Page 19 - bh-Kv-tx-twe-sampler
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 I ––––––––––––––––––––––––
ABCDEFGHIJKLMNOPQRSTUVWXYZ abcdefghijklmnopqrstuvwxyz ––––
Trace and write. I
I I I I I I I I I –––––––––––––––––––––––––––––––––––––––––––––––––
1. Pull straight down. 2. Slide right.
3. Slide right.
Formation Focus
Practice Masters
©Perfection Learning® NO REPRODUCTION ALLOWED.
• Have children use their pencils to trace the model letter in the first practice row. Then have them place their pencil on the starting dot of the second letter and trace it. Remind children to begin each traceable letter at the starting dot as they complete the row. Explain that these dots show them where to begin and guide their spacing of the letters. Then have them complete the second practice row by tracing the first letter and forming the letter on their own using the starting dots.
• Call attention to the featured names and pronounce each one. Explain why they begin with an uppercase letter. Ask a volunteer to name the letters in each name. Remind children where to begin the featured letter and have them trace the names.
ELL Support
Explain to children that in the English language, names begin with uppercase letters.
Time Out to Evaluate
Ask children to consider the following questions to evaluate their letter formation.
Does your I begin at the skyline? Does it come straight down? Does it sit on the baseline?
Literacy Connection
Record the following sentence starter. Point to each word as you read the words aloud. Remind children that I is a word that can be used instead of your name to refer to yourself. Complete the sentence by filling in the blank with something you can do. Then encourage children to offer their own suggestions for completing the sentence. Record the sentences they suggest. Provide children paper with lines on the bottom and a space for drawing on the top. Encourage them to create their own “I can” sentence with a matching illustration.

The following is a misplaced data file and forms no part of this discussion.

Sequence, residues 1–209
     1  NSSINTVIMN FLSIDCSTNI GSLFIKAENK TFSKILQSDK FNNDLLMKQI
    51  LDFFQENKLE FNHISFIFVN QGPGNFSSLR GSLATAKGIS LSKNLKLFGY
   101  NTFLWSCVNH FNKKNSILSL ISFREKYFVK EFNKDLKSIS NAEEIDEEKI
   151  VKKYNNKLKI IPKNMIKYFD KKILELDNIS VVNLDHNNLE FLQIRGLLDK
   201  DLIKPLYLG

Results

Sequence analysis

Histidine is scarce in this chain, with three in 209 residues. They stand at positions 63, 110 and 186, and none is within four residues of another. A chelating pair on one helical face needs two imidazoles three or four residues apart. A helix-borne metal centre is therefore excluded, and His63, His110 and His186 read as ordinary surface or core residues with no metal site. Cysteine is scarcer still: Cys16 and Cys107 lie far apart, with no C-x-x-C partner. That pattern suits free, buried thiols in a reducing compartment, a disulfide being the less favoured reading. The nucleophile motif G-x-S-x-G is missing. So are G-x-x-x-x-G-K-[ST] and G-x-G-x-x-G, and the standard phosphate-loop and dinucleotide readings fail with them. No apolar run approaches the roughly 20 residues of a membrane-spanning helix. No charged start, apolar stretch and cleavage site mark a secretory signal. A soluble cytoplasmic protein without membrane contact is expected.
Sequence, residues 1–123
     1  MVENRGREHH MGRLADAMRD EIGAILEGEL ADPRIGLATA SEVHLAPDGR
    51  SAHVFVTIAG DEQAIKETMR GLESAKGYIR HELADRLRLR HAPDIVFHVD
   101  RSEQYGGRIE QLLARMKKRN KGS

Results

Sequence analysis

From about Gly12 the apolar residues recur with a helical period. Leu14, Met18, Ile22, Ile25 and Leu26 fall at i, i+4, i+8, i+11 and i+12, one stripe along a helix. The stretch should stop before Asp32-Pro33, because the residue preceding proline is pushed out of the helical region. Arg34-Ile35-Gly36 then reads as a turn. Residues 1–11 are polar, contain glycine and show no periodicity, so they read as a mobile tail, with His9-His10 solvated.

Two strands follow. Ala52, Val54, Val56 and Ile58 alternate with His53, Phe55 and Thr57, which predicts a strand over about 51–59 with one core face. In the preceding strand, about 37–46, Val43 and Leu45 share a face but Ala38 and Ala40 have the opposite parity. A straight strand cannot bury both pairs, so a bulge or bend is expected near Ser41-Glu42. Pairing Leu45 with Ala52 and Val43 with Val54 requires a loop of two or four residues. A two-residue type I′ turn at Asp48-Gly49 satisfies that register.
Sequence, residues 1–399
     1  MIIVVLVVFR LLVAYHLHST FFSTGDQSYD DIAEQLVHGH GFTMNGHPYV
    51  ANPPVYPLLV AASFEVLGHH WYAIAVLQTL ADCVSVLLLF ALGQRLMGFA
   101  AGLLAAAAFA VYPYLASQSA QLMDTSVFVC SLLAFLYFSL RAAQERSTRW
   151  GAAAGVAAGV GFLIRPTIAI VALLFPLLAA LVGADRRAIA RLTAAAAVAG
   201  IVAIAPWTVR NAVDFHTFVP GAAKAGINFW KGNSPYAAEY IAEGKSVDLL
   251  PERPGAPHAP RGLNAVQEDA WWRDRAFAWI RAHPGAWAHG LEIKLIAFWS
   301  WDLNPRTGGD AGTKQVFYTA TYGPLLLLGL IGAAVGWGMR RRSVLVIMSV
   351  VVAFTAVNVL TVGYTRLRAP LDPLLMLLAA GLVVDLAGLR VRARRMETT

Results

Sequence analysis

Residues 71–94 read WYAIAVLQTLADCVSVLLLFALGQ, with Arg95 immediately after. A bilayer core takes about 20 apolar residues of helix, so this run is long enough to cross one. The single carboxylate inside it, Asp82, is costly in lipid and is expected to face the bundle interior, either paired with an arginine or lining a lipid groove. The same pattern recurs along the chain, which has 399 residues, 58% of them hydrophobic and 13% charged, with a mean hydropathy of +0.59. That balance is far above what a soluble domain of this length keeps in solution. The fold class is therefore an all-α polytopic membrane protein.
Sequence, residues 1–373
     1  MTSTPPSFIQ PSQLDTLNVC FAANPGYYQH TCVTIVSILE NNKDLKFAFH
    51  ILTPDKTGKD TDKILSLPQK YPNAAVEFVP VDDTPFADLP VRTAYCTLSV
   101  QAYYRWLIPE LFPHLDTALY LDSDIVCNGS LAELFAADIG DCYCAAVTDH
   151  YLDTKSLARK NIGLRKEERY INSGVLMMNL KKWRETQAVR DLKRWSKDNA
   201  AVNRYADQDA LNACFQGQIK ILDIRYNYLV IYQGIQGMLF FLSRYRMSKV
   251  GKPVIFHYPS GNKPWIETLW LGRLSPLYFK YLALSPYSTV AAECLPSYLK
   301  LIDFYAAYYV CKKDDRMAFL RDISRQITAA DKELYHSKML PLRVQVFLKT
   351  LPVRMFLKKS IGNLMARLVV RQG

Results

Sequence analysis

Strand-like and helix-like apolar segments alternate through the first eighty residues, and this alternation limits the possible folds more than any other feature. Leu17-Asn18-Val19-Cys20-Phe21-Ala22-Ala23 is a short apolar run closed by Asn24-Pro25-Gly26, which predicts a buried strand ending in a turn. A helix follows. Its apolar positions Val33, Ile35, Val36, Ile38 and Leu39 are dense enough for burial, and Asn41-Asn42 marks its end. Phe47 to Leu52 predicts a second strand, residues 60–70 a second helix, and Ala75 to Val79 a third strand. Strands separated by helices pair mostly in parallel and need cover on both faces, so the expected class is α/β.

I can _______________.
I I I I I I I I I –––––––––––––––––––––––––––––––––––––––––––––––––
Ian Ida
Formation Focus
1. Pull straight down. 2. Slide right.
3. Slide right.
– – – – – –
• Introduce the featured letter. Discuss which letters come before and after the featured letter. If children in the class have a first or last name beginning with the featured letter, celebrate their names.
• Introduce the featured word I by discussing the art. Further explain the meaning of I by pointing to yourself and stating a sentence such as “I am your teacher.” Explain that I is a word you can use instead of your name when you talk about yourself. Have children point to themselves and say the word I.
• Model the formation of uppercase I. Verbalize the formation strokes as you form the letter where all can see. Repeat. Then ask children to hold the arm of their writing hand out in front of them, elbow straight. Have them point (write) with their pointer finger and form the letter as you repeat the formation strokes. With your back to the children, perform the same movements with them. Repeat. Then ask children to use their pointer finger on their writing hand to form
the letter on their thigh as you repeat the formation strokes. Repeat.
• Provide children copies of the reproducible form of the featured letter for tracing, which can be found at the back of the Practice Masters book. State the formation strokes as children trace the large forms of the letter with the pointer finger on their writing hand.
• Call children’s attention to the letter in the model box at the top of the page. Explain that the arrows show the direction of strokes and the numerals indicate each time a pencil lift, or jump, is needed. Review skyline, midline, and baseline. Point out the shaded box behind the letter outlining the size. Discuss the specifics of the featured letter.
• Ask children to use their pointer fingers to trace the letter in the model box as you repeat the formation strokes.
• Have children take their pencils and hold them in the air, showing you the correct three-finger grip—“Use three fingers to hold it right.” Remind them that they should be sitting up straight with their arms resting on their desks and their feet flat on the floor.

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